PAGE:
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EXCL John McDonnell tells Jeremy Corbyn Labour's Brexit position is 'like slow-moving car crash'

EXCL John McDonnell tells Jeremy Corbyn Labour's Brexit position is 'like slow-moving car crash'
2 min read

John McDonnell told Jeremy Corbyn that Labour's Brexit position was "like a slow-moving car crash" as the party again delayed making a final decision on whether to back a second referendum.


The Shadow Chancellor - a key ally of the Labour leader - made his comments at a fractious meeting of the Shadow Cabinet.

Mr McDonnell had said on Monday that he believed there would be "white smoke" following the weekly get-together.

But Mr Corbyn told his top team that he wanted to delay making a decision for another two weeks to allow him to continue talks with trade union leaders.

PoliticsHome revealed that Unite and the CWU are still refusing to support a second referendum, despite most unions affiliated to Labour now being on board.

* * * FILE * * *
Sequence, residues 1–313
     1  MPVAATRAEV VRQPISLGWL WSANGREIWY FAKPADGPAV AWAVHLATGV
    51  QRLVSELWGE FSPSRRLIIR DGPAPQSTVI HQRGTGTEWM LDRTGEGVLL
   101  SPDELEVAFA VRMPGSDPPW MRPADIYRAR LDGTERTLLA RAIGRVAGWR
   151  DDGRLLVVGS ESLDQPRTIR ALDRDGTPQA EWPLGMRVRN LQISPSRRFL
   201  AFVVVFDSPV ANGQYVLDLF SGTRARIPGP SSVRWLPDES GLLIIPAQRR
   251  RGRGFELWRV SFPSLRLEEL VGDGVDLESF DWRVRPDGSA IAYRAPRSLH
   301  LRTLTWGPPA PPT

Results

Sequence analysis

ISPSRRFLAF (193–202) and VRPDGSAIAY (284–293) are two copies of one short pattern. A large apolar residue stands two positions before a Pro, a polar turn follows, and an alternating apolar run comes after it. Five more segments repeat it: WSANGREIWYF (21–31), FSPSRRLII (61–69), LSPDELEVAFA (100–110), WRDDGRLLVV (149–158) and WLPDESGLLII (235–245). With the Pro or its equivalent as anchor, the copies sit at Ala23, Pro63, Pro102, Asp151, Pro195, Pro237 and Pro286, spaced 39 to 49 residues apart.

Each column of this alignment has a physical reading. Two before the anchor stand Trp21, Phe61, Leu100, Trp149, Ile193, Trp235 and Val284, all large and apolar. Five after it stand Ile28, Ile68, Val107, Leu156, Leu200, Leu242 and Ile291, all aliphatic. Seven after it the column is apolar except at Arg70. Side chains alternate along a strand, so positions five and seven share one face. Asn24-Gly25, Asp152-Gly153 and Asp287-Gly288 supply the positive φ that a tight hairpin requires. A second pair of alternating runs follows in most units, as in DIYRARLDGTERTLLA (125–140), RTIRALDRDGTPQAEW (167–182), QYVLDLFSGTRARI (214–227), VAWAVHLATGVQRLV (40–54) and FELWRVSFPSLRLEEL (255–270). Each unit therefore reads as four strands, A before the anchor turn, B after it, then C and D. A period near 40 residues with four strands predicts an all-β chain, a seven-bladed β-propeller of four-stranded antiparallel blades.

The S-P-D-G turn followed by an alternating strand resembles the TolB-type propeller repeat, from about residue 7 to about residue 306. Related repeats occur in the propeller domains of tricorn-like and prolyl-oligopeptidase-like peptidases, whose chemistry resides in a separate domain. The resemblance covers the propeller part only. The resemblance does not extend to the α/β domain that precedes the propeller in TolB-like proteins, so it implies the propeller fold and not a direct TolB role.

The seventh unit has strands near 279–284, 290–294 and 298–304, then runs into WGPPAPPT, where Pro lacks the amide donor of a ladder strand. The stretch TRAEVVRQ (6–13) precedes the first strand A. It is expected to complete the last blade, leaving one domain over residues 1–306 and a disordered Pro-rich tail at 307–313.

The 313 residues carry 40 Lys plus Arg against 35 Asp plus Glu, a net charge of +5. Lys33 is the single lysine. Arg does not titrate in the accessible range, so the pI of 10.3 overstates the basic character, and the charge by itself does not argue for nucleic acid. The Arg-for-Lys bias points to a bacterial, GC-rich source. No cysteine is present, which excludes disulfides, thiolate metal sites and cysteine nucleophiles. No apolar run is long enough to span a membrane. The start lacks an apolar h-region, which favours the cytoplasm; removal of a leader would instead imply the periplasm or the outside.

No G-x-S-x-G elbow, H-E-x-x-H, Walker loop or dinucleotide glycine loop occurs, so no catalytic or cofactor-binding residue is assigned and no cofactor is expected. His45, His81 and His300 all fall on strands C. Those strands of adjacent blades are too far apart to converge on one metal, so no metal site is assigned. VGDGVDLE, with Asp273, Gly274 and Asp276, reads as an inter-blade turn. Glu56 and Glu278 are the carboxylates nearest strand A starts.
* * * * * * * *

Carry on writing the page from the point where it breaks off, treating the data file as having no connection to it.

Shadow Foreign Secretary Emily Thornberry repeatedly said a decision needed to be taken straight away, telling Mr Corbyn: "This is about leadership."

Mr McDonnell asked whether he had been wrong to think a decision would be made at the Shadow Cabinet meeting, adding: "This whole situation is like a slow-moving car crash."

Deputy Leader Tom Watson and Shadow Brexit Secretary Keir Starmer backed Ms Thornberry and Mr McDonnell, while Shadow Home Secretary Diane Abbott - another ally of Mr Corbyn - told the party leader he did not understand how much discontent there was among party members on the issue."

Shadow Health Secretary Jon Ashworth said Labour "should have the courage of our socialist principles" and support a second referendum and staying in the EU.

Labour MPs and second referendum campaigners reacted with dismay to the outcome of the meeting.

Neil Coyle MP said: "The Labour leader is responsible for trying to get Labour policies in government. We have suffered defeats because of our Brexit fudge, and to be so out of sync with our members, their views and our party's values is shocking and risks facilitating more Tory government.

"Members are desperate to see the Labour party move, but the leadership seems totally dependent on one trade union leader giving his permission to change party policy. That's an unacceptable situation."

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